There are lots of ways to get a dog. We think rehoming is the best one, but we recognise that people sometimes want to buy a puppy from a breeder. We have put together some very important information to consider when obtaining a new puppy.
What are the potential problems?
Buying a puppy from a breeder can be hit and miss if you don`t know what to look for or which questions to ask. You could end up with a sick or dying puppy that - even if he survived - might be plagued with lifelong health and behavioural problems.
Kennel Club registration is no guarantee that the breeder is responsible. If you are looking for a pedigree puppy, have a look on the Kennel Club website for Kennel Club Assured Breeders of the breed you`re interested in. A good breeder will probably have a waiting list for puppies; a happy, healthy dog is worth the wait.
Good breeders will not let a puppy go until he is at least seven weeks old. Some prefer to wait until 12 weeks. They should want to meet and interview you before the puppies are born or a few weeks later. This is a good opportunity for you as well, since you can see the conditions your pup is being raised in.WHAT TO ASK YOURSELF AND THE BREEDERS:
WHAT TO ASK YOURSELF AND THE BREEDER:
Can I see the puppies with their mum?
- Be sure mum is a nice, friendly dog because temperament can be inherited. She might be defensive of her puppies so take that into account. If you`re not allowed to see them together, it might be that they`re not really her puppies!
How old are the puppies?
- They must be at least seven to eight weeks old to leave their mother.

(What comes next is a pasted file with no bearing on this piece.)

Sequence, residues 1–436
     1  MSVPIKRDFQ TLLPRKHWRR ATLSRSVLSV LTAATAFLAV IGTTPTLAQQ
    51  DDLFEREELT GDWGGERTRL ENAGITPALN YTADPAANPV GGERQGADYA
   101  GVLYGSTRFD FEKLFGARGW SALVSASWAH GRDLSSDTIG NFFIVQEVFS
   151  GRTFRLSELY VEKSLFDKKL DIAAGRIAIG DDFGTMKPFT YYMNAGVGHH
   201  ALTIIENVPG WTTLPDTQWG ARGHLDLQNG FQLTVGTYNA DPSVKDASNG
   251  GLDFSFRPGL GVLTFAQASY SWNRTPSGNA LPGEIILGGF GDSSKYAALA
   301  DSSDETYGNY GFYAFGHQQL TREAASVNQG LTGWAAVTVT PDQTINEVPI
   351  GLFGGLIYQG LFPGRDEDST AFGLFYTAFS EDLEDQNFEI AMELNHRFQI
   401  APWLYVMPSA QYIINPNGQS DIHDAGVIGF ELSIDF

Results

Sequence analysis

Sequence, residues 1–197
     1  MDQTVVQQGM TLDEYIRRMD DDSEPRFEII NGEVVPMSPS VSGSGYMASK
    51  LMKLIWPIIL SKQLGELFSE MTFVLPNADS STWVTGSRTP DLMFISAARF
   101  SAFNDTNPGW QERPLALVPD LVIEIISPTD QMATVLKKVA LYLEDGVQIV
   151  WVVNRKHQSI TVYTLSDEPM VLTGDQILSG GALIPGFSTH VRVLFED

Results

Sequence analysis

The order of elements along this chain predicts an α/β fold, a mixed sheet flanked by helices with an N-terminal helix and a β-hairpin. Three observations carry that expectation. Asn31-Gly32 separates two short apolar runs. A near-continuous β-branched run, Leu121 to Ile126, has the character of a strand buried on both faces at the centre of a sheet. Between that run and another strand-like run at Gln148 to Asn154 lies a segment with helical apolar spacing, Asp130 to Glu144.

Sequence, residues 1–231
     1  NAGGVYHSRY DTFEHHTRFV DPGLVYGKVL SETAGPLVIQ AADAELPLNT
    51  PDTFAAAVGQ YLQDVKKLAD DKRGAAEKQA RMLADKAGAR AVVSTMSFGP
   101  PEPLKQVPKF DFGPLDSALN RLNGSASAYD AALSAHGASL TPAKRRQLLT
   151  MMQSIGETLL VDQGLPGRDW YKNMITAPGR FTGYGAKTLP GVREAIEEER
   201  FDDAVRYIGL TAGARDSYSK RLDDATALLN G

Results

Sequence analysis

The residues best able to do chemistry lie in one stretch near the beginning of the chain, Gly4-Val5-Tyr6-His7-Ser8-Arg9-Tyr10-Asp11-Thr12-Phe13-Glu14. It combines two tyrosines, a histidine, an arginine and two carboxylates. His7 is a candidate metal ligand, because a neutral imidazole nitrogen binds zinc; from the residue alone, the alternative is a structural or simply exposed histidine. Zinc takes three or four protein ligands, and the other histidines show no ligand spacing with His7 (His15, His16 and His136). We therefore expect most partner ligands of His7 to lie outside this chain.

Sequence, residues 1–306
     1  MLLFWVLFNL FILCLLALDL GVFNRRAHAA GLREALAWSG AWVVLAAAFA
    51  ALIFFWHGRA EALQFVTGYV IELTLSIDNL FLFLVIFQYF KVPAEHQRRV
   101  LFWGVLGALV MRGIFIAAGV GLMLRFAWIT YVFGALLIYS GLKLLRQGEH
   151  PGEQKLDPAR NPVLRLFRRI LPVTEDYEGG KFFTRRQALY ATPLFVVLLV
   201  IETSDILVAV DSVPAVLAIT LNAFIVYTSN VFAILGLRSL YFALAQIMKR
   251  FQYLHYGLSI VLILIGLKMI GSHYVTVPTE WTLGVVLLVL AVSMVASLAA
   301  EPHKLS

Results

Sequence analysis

Are the puppies weaned?
- At seven weeks they should be fully weaned. If they are not, they could be younger than the breeder claimed.
How old is mum?
- She should be over a year old, but not obviously very old.
How many litters has mum had?
- It is against the law to breed a bitch more than six times in her lifetime. If the breeder breeds frequently they are required to have a licence.
Have the puppies been wormed?
- All puppies have worms at birth. Worming should start with the breeder at about two weeks old, be repeated every two weeks and be continued by you.
Have the puppies had any vaccinations? If so, when is the next dose due?
- Puppies should be vaccinated at 6-9 weeks of age and then again at 10-12 weeks. They will become fully protected two weeks after the second vaccination. You will need to do this if the breeder has not.
Does the puppy look healthy - clean eyes, ears and bottom?
- If the puppy is unwell, collect him another day. If he`s still ill then, do not take him and try another breeder.
What should I feed my puppy? Do you have a diet sheet to take away?
- A good breeder will give you enough food to continue exactly the same diet for a couple of days. They should also give you a diet sheet that shows how feeding should change as your puppy grows.
What sort of socialisation or experiences has my puppy had so far?
- Puppies should preferably be raised in a home environment with all the noise and through traffic of a normal home. Those raised in kennels away from the house will need more intensive socialisation training to ensure they can cope with daily life as a pet. If puppies have already met other dogs, domestic animals and people they will have more confidence than those that have not.
Can I return the puppy if there are any healthy problems?
- You should take your new puppy to a vet for a health check within 48 hours. A good breeder will offer to take the puppy back at any point should you be unable to keep him.
Is the puppy Kennel Club registered?
- If so, make sure you are given the registration certificate and pedigree when you pick up your puppy. You should also get some free health insurance for the first few weeks.
When can I take the puppy home?
- It is absolutely essential to see the puppies with their mother. Some unscrupulous people claiming to be breeders might in fact be dealers who have bought the pups in. They are likely to be poorly bred, might be ill and are usually too young to leave their exhausted, ill-treated mothers. If they survive, these puppies rarely make good pets, and you will be fuelling this cruel trade where money is the priority and welfare of the dog is ignored.